edit: here's the howto: http://www.wacheese.com/index.php?option=com_content&view=article&id=80
« Last Edit: February 19, 2011, 04:59:46 PM by linuxboy »
Taking an extended leave (until 2015) from the forums to build out my farm and dairy. Please e-mail or PM if you need anything.

Online Boofer

  • Old Cheese
  • *****
  • Location: Parkland, Washington
  • Posts: 4,165
  • Cheeses: 193
  • Contemplating cheese
Re: Beaufort Recipe
« Reply #8 on: August 07, 2010, 08:52:44 AM »
linuxboy & Sailor - Excellent analysis & dialogue. I feel better now knowing a little more about this cheese and flavor in general. Seems like another epiphany for me...realizing the role different cultures play in creating the final flavor profile.

linuxboy - I think you're right; I no doubt was measuring runoff from the vinegar soak. Duh!  ::)

I talked to Mike at Extech and he got me back on track with my meter. The "renew" went away. Whew!

-Boofer-
Let's ferment something!
Bread, beer, wine, cheese...it's all good.

Offline Sailor Con Queso

  • Old Cheese
  • *****
  • Location: Kentucky
  • Posts: 2,522
  • Cheeses: 125
    • Boone Creek Creamery
Re: Beaufort Recipe
« Reply #9 on: August 07, 2010, 09:29:00 AM »
Cheesemaking for me is all about understanding and manipulating the interactions between the bacteria and the steps in the process. I like to look at new recipes and understand why things are being done a certain way and how those steps effect the outcome of the finished cheese. In fact, I find it impossible to blindly follow a recipe without understand process. Understanding leads to an ability to consciously manipulate the outcome so the cheese is your unique creation.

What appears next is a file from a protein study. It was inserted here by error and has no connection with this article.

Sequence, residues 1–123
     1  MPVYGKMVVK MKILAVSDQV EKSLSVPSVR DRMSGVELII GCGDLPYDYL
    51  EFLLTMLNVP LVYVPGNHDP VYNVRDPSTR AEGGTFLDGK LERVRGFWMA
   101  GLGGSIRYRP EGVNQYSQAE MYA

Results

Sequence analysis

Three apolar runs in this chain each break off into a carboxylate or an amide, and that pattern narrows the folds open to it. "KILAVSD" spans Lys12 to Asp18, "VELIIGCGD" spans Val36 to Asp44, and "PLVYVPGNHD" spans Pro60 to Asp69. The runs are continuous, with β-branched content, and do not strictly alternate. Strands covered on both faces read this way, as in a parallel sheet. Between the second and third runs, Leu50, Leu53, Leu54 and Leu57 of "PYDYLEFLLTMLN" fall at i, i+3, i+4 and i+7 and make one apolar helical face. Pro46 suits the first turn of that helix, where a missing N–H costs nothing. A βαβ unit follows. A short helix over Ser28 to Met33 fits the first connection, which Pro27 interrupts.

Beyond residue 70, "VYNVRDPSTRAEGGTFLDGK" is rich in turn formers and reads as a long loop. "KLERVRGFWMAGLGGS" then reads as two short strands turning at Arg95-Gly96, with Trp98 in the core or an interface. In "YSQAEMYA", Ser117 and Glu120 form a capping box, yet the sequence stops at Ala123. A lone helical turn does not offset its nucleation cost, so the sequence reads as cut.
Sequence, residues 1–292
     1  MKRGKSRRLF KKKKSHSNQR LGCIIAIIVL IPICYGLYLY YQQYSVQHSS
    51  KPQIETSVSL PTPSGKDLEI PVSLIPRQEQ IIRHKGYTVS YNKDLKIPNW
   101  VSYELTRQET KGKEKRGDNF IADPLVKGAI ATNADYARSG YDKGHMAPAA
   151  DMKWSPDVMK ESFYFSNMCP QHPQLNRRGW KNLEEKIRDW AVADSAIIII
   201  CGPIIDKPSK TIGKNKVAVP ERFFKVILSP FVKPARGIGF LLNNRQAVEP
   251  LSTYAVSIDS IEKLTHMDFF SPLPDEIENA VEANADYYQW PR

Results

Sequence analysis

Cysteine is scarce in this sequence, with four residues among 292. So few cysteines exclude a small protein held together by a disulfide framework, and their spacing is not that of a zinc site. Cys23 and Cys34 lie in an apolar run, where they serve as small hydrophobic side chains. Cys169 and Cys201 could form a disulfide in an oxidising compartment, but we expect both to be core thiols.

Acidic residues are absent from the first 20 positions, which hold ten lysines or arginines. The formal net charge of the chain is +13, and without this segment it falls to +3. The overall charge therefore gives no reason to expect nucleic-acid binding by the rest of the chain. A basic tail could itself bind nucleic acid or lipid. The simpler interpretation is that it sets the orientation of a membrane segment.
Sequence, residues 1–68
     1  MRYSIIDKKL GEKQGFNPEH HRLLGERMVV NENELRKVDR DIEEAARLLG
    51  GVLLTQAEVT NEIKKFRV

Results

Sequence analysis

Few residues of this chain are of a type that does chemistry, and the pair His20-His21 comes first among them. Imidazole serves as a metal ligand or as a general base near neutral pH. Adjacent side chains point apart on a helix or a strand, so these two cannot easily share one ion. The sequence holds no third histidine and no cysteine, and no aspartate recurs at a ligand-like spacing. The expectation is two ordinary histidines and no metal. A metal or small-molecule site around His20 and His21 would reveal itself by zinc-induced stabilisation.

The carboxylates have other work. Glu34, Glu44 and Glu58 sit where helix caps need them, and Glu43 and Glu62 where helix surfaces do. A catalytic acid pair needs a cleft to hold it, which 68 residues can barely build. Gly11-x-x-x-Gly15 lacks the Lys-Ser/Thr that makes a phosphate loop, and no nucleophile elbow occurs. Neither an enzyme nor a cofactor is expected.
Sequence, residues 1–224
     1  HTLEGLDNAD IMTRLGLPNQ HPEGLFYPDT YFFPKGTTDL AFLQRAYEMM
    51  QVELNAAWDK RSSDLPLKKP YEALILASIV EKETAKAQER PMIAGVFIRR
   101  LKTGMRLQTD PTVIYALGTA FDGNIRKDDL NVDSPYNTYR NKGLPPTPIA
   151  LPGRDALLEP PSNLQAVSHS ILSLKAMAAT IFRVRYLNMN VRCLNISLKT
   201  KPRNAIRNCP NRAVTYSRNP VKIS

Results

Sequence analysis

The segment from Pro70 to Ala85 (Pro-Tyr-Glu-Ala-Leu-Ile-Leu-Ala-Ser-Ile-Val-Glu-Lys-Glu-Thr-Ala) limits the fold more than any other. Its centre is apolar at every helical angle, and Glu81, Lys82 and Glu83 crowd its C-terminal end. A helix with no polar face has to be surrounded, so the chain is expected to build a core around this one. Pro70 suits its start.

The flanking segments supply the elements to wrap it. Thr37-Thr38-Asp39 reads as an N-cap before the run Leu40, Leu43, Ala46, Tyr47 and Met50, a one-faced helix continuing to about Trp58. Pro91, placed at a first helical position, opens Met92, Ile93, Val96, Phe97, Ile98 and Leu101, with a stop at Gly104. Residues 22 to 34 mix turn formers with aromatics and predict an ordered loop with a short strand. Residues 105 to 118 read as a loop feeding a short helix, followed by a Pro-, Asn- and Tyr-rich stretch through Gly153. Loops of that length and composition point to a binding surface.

For example, you took 60 minutes to hit target temperature instead of 30. Is that a big deal? Well.... Depends on what you're after. The cheese will be fine, however, it will not really be a Beaufort. A fast, hot cooking time seals the curds quicker which retains moisture instead of expelling whey. A longer time allows more whey to escape before the curd "rind" is sealed. So your cheese will not be as moist as it should be. Not necessarily bad. It may be better and it is your unique creation.

It's all about the little things. By the way, I assume you put a little Propionic into the starter mix. ;)
A moldy Stilton is a thing of beauty. Yes, you eat the rind. - Ed
www.boonecreekcreamery.com


Guests, join the CheeseForum.org community to remove this ad.


Online Boofer

  • Old Cheese
  • *****
  • Location: Parkland, Washington
  • Posts: 4,165
  • Cheeses: 193
  • Contemplating cheese
Re: Beaufort Recipe
« Reply #10 on: August 07, 2010, 07:33:18 PM »
Cheesemaking for me is all about understanding and manipulating the interactions between the bacteria and the steps in the process. I like to look at new recipes and understand why things are being done a certain way and how those steps effect the outcome of the finished cheese. In fact, I find it impossible to blindly follow a recipe without understand process. Understanding leads to an ability to consciously manipulate the outcome so the cheese is your unique creation.

For example, you took 60 minutes to hit target temperature instead of 30. Is that a big deal? Well.... Depends on what you're after. The cheese will be fine, however, it will not really be a Beaufort. A fast, hot cooking time seals the curds quicker which retains moisture instead of expelling whey. A longer time allows more whey to escape before the curd "rind" is sealed. So your cheese will not be as moist as it should be. Not necessarily bad. It may be better and it is your unique creation.